changes = [
            ( 'field1', 'someValue', 'some expected response' ),
            ( 'field2', 'someValue' ),
            ...
        ]
        for field, value, expected in changes:
            self.client.get( "url" ) # doesn't matter what it responds, we've already proven that it works.
            form_data= { expected form content based on fixture and previous test }
            form_data[field]= value
            response self.client.post( "url", form_data )
            self.assertEquas( expected, who knows what )

The above will obviously work, but it makes the number of tests appear small.

  • Upvoted because it's the most useful response so far. I'm basically doing your optimization now. GET is already in a separate test, but I'm using it here to replace line: "form_data={ expected form content based on fixture and previous test }", as I'm iterating through auto-generated fixtures and it saves the work of manually typing out the details. – Jeff Bauer Feb 14 '10 at 13:57
  • @Jeff Bauer: "it saves the work of manually typing out the details"? What? So does refactoring the default data into setUp or a superclass or a separate function. There are a million programming techniques to reduce redundancy, all of which can be used in unit testing. Why aren't you simply refactoring the tedious parts? I don't understand what's so hard about designing a test class that's somehow optimal. – S.Lott Feb 15 '10 at 3:09
1

Think carefully about why you need to unit-test this. Forms are part of the core Django functionality, and as such are very well covered by Django's own unit tests. If all you're doing is basic create/update, which from your question it sounds like is the case, I don't see any reason to write unit tests for that.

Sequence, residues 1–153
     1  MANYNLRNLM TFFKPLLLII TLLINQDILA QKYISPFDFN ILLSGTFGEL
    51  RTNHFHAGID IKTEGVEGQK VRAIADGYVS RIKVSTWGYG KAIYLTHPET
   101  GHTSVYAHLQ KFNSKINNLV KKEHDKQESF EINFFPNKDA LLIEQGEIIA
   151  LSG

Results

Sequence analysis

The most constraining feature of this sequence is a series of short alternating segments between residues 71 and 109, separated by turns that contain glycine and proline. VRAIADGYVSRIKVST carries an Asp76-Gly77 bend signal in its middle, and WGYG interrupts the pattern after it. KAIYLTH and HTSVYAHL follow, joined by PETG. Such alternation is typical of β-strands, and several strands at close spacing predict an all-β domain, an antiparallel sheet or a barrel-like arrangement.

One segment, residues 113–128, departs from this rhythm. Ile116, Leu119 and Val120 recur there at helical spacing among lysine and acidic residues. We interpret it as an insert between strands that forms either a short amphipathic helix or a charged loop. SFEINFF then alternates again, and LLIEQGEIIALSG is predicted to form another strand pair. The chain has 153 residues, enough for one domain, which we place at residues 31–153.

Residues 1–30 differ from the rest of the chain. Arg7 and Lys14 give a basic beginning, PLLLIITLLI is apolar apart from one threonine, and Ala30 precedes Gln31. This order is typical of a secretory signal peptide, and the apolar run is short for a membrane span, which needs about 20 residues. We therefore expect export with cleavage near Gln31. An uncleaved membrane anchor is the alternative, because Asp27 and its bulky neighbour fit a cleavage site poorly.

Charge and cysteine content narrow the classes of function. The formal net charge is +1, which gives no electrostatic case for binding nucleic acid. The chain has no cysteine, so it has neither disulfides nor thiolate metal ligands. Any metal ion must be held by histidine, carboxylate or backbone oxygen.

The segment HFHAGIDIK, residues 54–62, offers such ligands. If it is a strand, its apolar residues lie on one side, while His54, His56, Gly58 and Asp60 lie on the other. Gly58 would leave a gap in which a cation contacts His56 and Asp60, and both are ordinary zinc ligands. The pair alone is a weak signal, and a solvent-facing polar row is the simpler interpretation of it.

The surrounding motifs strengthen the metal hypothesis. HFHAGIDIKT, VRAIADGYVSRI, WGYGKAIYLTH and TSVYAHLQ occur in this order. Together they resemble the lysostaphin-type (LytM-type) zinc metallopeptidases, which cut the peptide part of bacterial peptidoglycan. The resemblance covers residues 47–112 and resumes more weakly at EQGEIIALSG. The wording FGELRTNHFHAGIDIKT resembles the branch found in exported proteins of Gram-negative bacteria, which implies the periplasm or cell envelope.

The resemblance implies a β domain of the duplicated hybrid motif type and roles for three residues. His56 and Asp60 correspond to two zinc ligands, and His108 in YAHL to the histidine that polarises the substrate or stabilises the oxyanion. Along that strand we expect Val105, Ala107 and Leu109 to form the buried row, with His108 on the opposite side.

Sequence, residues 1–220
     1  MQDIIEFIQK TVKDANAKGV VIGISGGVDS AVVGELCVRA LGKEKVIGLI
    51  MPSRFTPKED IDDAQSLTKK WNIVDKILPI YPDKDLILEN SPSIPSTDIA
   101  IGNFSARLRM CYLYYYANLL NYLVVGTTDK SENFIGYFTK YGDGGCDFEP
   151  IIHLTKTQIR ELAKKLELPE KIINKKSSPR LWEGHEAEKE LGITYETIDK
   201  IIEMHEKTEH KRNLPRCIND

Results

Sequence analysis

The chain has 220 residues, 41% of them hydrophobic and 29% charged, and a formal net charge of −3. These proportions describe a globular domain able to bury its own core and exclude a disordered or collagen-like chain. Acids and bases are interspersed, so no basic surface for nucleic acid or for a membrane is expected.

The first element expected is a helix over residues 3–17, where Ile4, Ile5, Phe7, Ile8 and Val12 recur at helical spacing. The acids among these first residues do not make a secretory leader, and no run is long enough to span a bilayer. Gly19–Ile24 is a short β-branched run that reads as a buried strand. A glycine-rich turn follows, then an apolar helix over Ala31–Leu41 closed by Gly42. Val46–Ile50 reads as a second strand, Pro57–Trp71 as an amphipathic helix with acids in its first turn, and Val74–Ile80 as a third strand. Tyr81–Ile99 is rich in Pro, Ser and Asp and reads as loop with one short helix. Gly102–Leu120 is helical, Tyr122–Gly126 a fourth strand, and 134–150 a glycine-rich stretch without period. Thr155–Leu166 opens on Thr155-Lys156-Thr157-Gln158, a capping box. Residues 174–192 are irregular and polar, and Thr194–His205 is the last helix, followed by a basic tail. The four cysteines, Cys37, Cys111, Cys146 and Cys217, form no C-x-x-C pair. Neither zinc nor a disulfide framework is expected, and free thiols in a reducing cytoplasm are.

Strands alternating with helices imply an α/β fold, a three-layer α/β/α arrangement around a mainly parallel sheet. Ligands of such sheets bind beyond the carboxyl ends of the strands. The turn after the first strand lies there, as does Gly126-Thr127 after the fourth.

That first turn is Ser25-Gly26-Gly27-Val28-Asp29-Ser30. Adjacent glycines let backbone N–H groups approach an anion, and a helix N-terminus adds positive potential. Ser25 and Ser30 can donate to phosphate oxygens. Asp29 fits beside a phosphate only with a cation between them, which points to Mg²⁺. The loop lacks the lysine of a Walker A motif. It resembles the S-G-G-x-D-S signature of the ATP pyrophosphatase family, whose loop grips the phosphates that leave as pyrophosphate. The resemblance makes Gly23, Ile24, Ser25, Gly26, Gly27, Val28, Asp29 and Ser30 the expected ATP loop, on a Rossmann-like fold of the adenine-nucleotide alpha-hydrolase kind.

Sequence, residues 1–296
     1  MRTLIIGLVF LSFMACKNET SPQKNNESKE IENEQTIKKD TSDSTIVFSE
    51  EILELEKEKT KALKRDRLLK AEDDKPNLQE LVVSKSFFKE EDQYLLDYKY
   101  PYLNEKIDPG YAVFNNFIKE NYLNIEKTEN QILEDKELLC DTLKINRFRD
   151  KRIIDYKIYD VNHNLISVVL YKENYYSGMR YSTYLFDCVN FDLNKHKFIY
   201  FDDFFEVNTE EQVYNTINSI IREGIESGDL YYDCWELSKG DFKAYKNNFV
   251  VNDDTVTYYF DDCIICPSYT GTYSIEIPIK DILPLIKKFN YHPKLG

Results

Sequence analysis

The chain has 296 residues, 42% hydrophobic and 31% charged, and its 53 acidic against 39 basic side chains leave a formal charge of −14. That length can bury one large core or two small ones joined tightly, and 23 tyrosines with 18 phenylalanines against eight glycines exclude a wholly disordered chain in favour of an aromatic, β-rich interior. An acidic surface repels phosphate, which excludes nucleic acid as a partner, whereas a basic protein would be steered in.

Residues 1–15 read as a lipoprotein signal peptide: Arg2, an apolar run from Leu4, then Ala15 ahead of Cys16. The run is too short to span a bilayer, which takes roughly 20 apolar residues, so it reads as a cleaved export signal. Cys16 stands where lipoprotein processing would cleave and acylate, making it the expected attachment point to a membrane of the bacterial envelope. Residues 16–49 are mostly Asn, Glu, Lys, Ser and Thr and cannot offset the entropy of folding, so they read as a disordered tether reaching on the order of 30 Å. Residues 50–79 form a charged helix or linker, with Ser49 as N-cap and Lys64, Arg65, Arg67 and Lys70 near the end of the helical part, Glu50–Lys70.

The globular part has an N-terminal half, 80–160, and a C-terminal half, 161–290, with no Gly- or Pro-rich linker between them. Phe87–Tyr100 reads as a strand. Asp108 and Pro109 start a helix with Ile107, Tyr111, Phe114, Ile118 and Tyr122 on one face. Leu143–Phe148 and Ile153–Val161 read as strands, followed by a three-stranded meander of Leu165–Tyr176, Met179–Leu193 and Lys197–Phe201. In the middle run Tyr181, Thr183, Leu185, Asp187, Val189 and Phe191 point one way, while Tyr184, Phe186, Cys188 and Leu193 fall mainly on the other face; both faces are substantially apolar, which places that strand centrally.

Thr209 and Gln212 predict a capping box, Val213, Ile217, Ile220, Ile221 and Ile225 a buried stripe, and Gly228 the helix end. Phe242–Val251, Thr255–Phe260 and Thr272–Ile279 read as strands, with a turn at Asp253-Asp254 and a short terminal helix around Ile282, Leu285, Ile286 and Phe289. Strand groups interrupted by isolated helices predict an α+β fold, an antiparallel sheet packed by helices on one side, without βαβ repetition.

• 1
    Maybe he has custom validation. – Felix Kling Feb 13 '10 at 19:21
  • 2
    Yes, lots of custom validation. Believe me, I'm not looking to create more work for myself. ;-) – Jeff Bauer Feb 13 '10 at 21:27
0

I don't see how or why you need unit tests for this. Sounds to me like you're testing for (and correcting) possible user input, which is covered very simply with Django's form validation (and model validation in 1.2)

0

I'd recommed you to take a look into acceptance testing level tools like robot test framework or letucce which are thought just for you want to do "I'm verifying that my application produces correct responses when a user makes changes to a form", that sounds more like acceptance (black-box) testing than unit-testing.

For instace, Robot let you to define your tests in tabular form, you define the workflow once and then you can define easily a bunch of tests that exercise the workflow with different data.

0

You are possibly looking for tools that do front end testing like twill or selenium

Both of these generate python code, that can be included within the django tests, so when you run tests, it opens the urls, posts the data and inspects whatever you want!

It should help you to see these tests written for selenium, for an open source reusable django app.